BEATEN, BLINDED BY pepper spray, corralled like animals, and indiscriminately arrested for marching against police violence and racial injustice. Such was the fate hundreds of people suffered at the hands of New York Police Department (NYPD) officers in late May and early June of 2020, as thousands of people across the United States protested the murder of George Floyd by a Minneapolis police officer.
Three years later, a class action lawsuit has resulted in the City of New York agreeing to pay $9,950 each to some 1,380 protesters as part of a settlement. Costing taxpayers more than $13 million, it’s the largest amount paid to protesters in US history, according to the legal team behind the class action suit.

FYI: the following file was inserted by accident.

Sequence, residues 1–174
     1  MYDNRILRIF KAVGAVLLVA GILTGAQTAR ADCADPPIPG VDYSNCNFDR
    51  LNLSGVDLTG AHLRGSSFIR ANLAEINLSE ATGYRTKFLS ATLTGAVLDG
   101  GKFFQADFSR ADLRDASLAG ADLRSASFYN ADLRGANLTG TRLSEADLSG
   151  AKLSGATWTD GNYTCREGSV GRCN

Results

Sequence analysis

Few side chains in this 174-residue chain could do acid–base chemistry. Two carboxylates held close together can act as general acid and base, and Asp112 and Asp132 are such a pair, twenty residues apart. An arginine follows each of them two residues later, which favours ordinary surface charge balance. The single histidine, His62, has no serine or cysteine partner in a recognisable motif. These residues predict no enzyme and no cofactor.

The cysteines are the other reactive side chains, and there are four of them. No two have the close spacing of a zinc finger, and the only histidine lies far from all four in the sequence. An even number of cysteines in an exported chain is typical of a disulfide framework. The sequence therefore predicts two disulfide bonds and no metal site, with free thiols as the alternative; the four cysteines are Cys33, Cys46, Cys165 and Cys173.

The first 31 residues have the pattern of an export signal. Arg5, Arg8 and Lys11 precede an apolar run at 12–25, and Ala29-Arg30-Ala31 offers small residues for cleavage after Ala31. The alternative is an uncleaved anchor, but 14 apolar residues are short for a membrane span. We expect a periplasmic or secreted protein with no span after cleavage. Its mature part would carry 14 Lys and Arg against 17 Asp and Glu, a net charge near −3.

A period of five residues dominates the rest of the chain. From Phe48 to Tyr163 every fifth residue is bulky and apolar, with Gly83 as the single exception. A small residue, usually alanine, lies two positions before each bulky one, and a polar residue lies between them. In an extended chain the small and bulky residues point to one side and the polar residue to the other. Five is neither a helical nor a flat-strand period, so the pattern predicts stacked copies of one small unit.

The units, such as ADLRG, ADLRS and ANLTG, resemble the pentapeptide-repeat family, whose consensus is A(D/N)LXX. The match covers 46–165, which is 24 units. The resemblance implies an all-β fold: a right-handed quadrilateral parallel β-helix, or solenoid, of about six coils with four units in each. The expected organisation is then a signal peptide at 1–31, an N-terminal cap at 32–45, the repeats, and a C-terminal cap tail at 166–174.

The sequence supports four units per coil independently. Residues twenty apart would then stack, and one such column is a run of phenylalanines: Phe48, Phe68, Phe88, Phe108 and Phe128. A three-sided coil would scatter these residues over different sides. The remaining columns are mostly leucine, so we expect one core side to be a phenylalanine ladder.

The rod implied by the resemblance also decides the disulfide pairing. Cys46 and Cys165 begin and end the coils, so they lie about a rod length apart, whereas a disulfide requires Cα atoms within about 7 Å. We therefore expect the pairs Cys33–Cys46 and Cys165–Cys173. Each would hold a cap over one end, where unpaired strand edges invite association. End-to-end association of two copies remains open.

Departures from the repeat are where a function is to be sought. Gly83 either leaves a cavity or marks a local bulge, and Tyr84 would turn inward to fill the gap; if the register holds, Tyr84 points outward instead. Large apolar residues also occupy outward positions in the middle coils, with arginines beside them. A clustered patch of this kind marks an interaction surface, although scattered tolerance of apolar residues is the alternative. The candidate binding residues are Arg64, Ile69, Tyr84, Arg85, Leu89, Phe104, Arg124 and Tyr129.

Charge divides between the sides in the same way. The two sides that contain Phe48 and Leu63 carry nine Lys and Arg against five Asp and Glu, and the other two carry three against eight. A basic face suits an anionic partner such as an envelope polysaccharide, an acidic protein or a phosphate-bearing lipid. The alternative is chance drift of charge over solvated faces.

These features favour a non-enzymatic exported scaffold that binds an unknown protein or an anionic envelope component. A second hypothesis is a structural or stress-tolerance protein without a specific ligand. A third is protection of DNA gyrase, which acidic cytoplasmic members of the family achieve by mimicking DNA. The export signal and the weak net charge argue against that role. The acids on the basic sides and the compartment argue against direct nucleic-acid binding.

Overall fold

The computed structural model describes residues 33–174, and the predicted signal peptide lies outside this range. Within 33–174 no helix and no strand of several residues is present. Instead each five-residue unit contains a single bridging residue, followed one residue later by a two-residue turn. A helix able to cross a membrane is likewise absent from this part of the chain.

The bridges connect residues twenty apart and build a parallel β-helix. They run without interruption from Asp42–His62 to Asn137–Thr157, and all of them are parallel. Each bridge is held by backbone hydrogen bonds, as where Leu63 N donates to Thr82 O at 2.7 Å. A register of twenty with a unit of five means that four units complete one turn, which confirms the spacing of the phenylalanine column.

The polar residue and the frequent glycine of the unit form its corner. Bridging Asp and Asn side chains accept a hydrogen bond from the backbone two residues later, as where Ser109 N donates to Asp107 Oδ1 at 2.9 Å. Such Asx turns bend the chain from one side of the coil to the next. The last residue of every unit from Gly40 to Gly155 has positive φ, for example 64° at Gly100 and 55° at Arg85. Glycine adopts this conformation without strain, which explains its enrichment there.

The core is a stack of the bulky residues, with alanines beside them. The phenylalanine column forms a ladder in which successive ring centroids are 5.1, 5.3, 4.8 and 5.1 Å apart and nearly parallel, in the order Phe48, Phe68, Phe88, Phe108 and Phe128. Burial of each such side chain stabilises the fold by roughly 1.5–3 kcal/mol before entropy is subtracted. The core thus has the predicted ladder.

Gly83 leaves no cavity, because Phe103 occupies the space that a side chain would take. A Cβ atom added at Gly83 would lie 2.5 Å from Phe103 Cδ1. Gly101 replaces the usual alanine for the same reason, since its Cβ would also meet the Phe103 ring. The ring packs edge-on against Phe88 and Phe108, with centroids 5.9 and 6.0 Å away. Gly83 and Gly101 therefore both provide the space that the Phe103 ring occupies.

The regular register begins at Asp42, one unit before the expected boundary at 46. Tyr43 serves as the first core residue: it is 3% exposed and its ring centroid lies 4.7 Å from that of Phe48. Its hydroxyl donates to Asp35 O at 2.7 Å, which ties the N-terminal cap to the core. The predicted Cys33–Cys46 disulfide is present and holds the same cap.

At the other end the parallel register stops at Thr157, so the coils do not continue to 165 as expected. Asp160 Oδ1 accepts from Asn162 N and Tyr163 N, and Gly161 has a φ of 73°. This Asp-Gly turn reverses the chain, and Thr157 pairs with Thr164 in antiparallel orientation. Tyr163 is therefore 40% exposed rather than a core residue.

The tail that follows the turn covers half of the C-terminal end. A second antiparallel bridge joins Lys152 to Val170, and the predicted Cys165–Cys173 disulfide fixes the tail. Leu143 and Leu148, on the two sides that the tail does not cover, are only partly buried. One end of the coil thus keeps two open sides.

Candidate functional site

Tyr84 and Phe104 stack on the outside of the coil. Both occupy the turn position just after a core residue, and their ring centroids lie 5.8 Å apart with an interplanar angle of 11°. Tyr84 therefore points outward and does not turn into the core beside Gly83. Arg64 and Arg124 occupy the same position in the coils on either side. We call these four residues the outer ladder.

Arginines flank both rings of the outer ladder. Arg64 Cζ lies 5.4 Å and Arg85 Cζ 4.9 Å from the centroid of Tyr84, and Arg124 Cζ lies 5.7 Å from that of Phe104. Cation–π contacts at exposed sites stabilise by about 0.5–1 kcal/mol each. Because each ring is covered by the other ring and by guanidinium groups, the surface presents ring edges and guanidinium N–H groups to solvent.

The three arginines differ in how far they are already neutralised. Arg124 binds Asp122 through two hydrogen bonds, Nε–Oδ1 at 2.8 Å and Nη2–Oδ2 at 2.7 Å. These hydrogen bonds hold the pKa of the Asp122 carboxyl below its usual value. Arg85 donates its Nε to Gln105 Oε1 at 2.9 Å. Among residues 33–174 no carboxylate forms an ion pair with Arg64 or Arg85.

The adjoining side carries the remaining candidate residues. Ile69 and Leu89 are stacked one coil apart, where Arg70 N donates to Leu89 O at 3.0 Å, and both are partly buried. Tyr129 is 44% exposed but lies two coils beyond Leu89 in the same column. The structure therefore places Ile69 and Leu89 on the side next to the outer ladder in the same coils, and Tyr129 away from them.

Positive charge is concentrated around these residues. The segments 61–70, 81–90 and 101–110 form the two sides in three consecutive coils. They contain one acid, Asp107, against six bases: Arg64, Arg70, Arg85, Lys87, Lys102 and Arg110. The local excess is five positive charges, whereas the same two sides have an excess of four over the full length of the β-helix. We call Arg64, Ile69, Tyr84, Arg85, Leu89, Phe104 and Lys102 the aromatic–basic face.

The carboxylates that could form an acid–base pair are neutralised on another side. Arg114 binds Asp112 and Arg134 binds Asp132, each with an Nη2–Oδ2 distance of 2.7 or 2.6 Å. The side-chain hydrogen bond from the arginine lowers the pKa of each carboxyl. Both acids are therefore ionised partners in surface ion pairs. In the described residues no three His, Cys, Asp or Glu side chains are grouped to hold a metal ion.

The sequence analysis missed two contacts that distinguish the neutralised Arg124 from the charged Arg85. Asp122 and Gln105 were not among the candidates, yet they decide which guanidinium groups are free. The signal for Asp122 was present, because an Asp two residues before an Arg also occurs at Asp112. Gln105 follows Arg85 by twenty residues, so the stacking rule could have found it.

Lawyers secured the settlement with the aid of a little-known tool that helped them quickly categorize and analyze terabytes of video footage from police body cams, helicopter surveillance, and social media. “We had multiple weeks of protests. We had protests spanning the city of New York. We had thousands of arrests,” says David Rankin, a partner at the law firm Beldock, Levine & Hoffman who was part of the protesters’ legal team. “We had tens of thousands of hours of body cam footage, we had text messages, we had emails, we had just an absolute truckload of data to get through.”